The stress test is meant to save home buyers from themselves. That is to say, that the federal government put measures in place to ensure that those who are buying a house, even with more than 20% Equity, will be able to afford all of their monthly expenses especially if rates rise. The "stress test" uses a much higher (off-market) rate than a current mortgage rate. For instance, a 5yr mortgage is around 2.60% but the new rules force borrowers to use the Bank of Canada rate of 4.64% for stress testing purposes to ensure they can afford their mortgage and other expenses if rates should rise. Draconian? Perhaps. If a 5yr Government of Canada bond is around .65% today and a 5yr mortgage is around 2.60% we can say that a 5yr mortgage is ~2.00% higher than the 5yr bond yield. Now if we look at the Forward Bond Curve in Canada, we can see that the 5yr in 5yrs time is trading at about 1.80%. If we add 2.00% for the mortgage spread to that, we would get a 5yr mortgage in 5yrs time at 3.80%; a fair bit lower than the new stress test level of 4.64%. Maybe a bit draconian.
The obvious effect on anyone buying a home with a mortgage is that they will need to a) buy a lower price home and/or b) qualify for less of a mortgage. So if the federal government's stated goal in the first half of the year was to "take measures so that the affordability of a home is accessible for more Canadians who increasingly look at markets like Vancouver and Toronto as significant barriers to achieving their dreams and their successes", have they accomplished their stated goal? I think not. Part of the problem is that the BC foreign buyer's tax was local and, as I suggested in my July Open Letter, that foreign money will just go to other jurisdictions, like Toronto for instance. And also, the federal government's new mortgage rules are put in place across the entire country. How do you feel if you are 30yr old, living in Saskatchewan and have been saving up to buy your first house? Now you probably need to save more and for longer.
A question we get asked by a few clients (I ask myself all the time...and I am a client of High Rock too!) is will housing prices decline? I am not 100% sure but my bet is they likely will (eventually) but I think it will be very local. For instance, I would not be surprised if the Vancouver market declined somewhat but keep in mind Vancouver is a great city...you can ski, golf, sail, bike ride, hike all in the same day and then go to a world class restaurant for dinner. What's not to like?
As for Toronto, as I said in the July Letter, it is the fastest growing city in the developed world, and a world-class city at that. Comparing Toronto to any other large world-class city, especially financial centers, and you will find it is cheap as all-get-out. I worked at Merrill Lynch for almost 18yrs and in my earlier days there I had opportunities to work in London, Hong Kong and NYC. Now I must admit that I live in a nice neighborhood about 7kms north of our office which is downtown with a two-car driveway and a pool. A nice house, to be sure, but I can also tell you that I saved and sacrificed like crazy (and still do) to live in that house and in that neighborhood. Point is, if I were to have worked in any of those other major financial centers that Merrill Lynch was thinking of sending me to way back then, I would have been commuting about 1.5 hours to get something close to what I have 15 minutes away and I would have paid 2-3 times as much. Cheap on a global basis. And the move higher in Toronto housing over the past year is simply a catch-up with other major centers and also to other asset classes, which have been ramped up due to easy monetary policy. Just as an aside, and going back to the example I used in July's Open Letter, I wonder how many investors who own Royal Bank of Canada (RY) stock own it with borrowed money or margin? I think I read a week or two ago that Toronto housing prices are +20% over the past year. Well RY stock is +16.75% on a total return basis over the past year (and BNS is +21%)...about the same as the Toronto housing market. Should the federal government step in and put new borrowing or margin rules in place to ensure that RY (and all stocks) don't "run up" so much in any given year and destroy the dreams and successes of investors who don't own RY or BNS stock? Just a pet peeve I have.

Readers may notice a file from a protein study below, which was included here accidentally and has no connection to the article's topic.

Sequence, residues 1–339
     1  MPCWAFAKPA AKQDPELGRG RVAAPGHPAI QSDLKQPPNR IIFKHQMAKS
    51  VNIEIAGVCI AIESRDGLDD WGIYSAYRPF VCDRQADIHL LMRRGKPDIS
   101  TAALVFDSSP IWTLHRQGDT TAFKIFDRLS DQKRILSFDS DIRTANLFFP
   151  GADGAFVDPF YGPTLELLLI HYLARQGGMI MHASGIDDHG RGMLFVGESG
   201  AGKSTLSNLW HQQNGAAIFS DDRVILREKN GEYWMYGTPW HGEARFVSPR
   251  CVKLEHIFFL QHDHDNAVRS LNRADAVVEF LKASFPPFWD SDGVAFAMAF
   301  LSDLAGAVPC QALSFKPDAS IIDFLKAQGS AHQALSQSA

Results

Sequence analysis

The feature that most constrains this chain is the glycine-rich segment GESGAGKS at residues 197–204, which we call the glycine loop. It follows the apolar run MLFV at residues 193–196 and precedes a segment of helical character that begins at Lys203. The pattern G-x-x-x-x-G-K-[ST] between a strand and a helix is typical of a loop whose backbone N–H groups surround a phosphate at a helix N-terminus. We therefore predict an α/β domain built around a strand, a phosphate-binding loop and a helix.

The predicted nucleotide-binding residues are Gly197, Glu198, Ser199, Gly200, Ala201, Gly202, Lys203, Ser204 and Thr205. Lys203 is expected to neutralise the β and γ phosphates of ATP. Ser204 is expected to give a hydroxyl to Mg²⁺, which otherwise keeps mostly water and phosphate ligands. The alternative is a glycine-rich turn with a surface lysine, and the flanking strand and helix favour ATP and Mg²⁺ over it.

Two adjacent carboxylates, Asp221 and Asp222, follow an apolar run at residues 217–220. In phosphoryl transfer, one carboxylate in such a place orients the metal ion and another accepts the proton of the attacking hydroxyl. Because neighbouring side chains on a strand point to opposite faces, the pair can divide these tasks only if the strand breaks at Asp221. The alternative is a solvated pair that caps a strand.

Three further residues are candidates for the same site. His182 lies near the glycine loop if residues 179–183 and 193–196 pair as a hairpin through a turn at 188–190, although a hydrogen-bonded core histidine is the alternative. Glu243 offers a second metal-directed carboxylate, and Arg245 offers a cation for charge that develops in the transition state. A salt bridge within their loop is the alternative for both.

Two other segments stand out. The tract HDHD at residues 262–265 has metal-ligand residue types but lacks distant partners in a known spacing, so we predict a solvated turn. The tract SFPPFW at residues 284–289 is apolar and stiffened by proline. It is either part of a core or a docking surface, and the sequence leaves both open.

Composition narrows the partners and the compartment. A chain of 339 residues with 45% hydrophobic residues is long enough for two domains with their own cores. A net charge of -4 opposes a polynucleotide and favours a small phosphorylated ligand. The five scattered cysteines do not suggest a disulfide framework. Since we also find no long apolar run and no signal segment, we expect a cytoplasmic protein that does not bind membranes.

Enough about those views. So what exactly is the federal government doing? I think what they are doing is addressing the Personal Debt to Disposable Income ratio that has skyrocketed to a new all-time high at 167%. Think about it, they can put a ceiling on the housing market while still allowing the Bank of Canada to maintain lower for longer high powered interest rates (ie. government bond yields). Lower high powered rates will help the economy to recover as it keeps the corporate borrowing cost of capital low and new mortgage rules will ensure that the consumer doesn't take advantage of those low rates, at least on home purchases.